I’ve heard about music therapy and am intrigued, but am confused about what populations would benefit from a 1:1 session. Can you clarify for me?
Music therapy can be tricky to define because of the broad spectrum of populations served. I think we can agree - if you are a human, you are influenced by music to some degree. The unique nature of music therapy versus any other beneficial therapies, is that music doesn’t live in one “center” of the brain. When engaged in music making, it has been found that nearly 90% of the brain is active. In this way, it is up to the creativity of the music therapist to utilize music in a way that is most beneficial to the client. If the client has a speech need, we can make a song to target vocalizations or specific sounds/words. If the client has a physical need, the rhythm of the music provides a framework for movement to fit into, thus increasing repetitions/durations of the movement. If the need is emotional, we can tap into the expressive nature of music making. If cognitive, create/utilize songs to increase development &/or attention. If it is behavioral, find their preferred instrument choice and use as a reward for positive behaviors.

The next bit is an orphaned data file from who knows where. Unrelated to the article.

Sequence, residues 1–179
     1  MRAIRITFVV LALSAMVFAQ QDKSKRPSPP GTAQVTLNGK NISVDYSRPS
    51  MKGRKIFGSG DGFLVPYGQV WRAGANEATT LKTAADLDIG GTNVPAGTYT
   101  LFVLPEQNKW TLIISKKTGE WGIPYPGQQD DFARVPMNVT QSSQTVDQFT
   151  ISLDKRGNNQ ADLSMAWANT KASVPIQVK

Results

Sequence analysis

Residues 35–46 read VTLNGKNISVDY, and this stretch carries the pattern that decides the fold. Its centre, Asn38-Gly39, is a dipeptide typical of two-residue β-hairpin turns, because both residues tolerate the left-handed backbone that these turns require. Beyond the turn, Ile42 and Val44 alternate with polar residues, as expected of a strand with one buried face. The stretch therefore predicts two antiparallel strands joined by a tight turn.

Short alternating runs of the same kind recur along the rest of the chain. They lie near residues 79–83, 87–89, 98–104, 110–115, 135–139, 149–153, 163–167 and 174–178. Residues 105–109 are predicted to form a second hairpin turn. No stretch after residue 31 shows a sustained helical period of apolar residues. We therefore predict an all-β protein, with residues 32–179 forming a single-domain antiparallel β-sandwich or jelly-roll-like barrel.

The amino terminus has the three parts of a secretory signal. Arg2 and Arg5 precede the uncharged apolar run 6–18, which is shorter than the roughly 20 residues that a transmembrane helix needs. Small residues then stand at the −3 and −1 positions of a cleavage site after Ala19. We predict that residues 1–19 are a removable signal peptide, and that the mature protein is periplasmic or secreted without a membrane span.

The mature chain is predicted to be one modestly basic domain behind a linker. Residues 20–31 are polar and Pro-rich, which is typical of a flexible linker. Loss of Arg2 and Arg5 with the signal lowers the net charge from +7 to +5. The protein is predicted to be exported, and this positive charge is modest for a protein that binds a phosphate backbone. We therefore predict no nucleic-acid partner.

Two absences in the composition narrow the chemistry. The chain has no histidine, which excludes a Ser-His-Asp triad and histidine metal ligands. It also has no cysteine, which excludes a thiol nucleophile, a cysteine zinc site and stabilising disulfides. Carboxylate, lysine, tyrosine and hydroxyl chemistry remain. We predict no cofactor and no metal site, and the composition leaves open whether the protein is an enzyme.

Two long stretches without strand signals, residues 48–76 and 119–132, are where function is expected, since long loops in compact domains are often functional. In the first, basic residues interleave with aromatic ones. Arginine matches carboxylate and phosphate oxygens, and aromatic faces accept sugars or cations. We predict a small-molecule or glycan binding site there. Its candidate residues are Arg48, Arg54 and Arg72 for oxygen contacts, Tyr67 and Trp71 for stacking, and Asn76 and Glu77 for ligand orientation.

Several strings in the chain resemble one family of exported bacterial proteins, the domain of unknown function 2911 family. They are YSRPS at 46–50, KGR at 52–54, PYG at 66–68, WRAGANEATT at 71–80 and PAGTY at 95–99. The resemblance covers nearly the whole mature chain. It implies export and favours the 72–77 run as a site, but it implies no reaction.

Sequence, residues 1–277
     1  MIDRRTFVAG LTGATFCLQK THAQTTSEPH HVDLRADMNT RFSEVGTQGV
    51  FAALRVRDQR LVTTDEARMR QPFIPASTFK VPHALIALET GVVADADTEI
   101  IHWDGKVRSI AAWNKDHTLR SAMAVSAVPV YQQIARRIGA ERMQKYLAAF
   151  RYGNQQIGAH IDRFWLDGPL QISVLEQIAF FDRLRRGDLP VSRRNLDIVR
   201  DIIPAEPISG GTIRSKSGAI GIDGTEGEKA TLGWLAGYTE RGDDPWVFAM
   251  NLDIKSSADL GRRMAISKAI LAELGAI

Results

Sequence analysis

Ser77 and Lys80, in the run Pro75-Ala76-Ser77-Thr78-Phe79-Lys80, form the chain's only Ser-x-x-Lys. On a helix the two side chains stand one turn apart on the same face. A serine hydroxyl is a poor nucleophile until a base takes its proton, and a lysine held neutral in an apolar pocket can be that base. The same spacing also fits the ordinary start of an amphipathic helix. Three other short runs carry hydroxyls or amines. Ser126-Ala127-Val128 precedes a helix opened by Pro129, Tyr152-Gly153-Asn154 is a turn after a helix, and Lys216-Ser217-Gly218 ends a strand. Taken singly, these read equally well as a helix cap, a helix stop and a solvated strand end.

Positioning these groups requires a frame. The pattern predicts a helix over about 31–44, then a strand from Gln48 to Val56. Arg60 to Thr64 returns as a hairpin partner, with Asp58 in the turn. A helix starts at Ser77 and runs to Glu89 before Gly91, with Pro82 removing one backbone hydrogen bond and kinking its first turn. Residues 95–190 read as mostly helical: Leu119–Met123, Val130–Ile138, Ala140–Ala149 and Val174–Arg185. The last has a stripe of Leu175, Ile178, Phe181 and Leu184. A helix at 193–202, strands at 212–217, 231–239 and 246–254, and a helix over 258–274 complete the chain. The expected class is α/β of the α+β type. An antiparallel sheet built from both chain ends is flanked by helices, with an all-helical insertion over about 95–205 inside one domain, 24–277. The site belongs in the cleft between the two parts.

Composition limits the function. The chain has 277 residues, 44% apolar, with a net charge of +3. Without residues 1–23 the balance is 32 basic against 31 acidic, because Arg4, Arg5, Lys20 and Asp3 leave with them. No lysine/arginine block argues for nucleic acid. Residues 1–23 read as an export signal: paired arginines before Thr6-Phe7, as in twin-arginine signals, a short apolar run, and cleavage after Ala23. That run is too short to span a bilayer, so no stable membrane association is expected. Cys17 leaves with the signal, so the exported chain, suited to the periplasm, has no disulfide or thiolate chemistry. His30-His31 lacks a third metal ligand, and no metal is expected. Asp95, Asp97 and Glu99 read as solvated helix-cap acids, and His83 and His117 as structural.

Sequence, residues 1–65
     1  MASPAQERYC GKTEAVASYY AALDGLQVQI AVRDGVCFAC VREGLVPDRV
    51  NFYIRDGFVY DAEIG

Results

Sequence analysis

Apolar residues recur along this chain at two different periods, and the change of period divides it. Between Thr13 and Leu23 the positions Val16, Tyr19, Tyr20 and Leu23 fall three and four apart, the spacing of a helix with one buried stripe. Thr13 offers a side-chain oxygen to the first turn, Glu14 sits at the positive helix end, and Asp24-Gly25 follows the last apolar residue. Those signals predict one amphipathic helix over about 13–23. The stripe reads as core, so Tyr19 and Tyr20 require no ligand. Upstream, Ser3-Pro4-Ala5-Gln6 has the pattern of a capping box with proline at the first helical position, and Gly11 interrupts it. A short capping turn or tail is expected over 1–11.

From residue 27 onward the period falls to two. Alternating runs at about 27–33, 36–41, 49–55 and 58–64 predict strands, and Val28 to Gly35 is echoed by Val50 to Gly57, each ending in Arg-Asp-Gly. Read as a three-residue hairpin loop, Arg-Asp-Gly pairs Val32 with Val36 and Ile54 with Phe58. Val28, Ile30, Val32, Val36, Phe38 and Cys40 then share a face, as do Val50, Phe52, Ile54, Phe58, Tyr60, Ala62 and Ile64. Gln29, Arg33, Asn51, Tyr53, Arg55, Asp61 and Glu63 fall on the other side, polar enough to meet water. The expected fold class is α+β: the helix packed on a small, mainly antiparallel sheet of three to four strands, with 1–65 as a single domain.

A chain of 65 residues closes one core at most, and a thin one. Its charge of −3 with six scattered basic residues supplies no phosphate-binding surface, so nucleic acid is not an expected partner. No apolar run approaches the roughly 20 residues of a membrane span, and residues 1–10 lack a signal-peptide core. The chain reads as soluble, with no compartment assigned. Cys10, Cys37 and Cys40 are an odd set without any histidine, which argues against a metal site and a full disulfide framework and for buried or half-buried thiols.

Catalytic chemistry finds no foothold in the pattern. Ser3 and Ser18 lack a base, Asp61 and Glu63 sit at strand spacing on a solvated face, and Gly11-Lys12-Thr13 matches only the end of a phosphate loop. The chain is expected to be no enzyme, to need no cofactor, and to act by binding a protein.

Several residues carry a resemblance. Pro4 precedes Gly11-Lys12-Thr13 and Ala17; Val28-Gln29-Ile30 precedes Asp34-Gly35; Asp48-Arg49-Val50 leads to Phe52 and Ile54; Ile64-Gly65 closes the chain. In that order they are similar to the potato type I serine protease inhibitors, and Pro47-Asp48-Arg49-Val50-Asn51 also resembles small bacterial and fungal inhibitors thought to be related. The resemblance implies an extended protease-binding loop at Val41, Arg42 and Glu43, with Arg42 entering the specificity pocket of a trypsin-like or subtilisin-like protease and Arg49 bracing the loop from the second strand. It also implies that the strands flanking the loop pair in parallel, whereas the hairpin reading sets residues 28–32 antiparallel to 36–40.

The sky's the limit with music, but here is a list of example populations that, if you or someone you know fit into, may benefit from music therapy: Developmental disabilities (including Autism, Apraxia, Down Syndrome, Speech delay, TBI, regaining function following incident/disease/disorder), Parkinsons, Stroke Victims, Depression/Anxiety/Trauma, Alzheimers.
Whatever the case, if you have a question concerning music therapy, contact Callie Mescher (email@example.com) - she is a board certified music therapist that has specialized training in Neurologic Music Therapy.